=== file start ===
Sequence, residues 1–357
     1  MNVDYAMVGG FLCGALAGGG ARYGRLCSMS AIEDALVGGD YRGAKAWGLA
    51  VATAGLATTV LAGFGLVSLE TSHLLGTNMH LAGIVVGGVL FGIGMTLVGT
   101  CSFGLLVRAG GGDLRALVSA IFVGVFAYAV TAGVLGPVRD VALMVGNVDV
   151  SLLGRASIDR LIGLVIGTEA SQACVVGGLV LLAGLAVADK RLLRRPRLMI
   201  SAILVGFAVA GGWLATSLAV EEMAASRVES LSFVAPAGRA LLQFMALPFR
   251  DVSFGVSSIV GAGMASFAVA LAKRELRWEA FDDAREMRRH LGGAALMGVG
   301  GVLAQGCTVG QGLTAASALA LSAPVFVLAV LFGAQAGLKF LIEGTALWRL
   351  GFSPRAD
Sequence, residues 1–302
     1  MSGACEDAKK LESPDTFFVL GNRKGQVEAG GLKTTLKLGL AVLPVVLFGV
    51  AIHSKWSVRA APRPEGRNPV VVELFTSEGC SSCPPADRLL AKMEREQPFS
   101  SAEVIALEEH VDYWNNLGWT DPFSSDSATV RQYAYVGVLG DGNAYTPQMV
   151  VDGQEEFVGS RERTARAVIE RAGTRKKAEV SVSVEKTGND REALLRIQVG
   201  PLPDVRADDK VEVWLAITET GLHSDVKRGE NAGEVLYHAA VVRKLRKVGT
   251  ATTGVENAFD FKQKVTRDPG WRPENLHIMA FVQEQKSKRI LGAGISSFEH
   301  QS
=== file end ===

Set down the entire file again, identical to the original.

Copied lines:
Sequence, residues 1–357
     1  MNVDYAMVGG FLCGALAGGG ARYGRLCSMS AIEDALVGGD YRGAKAWGLA
    51  VATAGLATTV LAGFGLVSLE TSHLLGTNMH LAGIVVGGVL FGIGMTLVGT
   101  CSFGLLVRAG GGDLRALVSA IFVGVFAYAV TAGVLGPVRD VALMVGNVDV
   151  SLLGRASIDR LIGLVIGTEA SQACVVGGLV LLAGLAVADK RLLRRPRLMI
   201  SAILVGFAVA GGWLATSLAV EEMAASRVES LSFVAPAGRA LLQFMALPFR
   251  DVSFGVSSIV GAGMASFAVA LAKRELRWEA FDDAREMRRH LGGAALMGVG
   301  GVLAQGCTVG QGLTAASALA LSAPVFVLAV LFGAQAGLKF LIEGTALWRL
   351  GFSPRAD
Sequence, residues 1–302
     1  MSGACEDAKK LESPDTFFVL GNRKGQVEAG GLKTTLKLGL AVLPVVLFGV
    51  AIHSKWSVRA APRPEGRNPV VVELFTSEGC SSCPPADRLL AKMEREQPFS
   101  SAEVIALEEH VDYWNNLGWT DPFSSDSATV RQYAYVGVLG DGNAYTPQMV
   151  VDGQEEFVGS RERTARAVIE RAGTRKKAEV SVSVEKTGND REALLRIQVG
   201  PLPDVRADDK VEVWLAITET GLHSDVKRGE NAGEVLYHAA VVRKLRKVGT
   251  ATTGVENAFD FKQKVTRDPG WRPENLHIMA FVQEQKSKRI LGAGISSFEH
   301  QS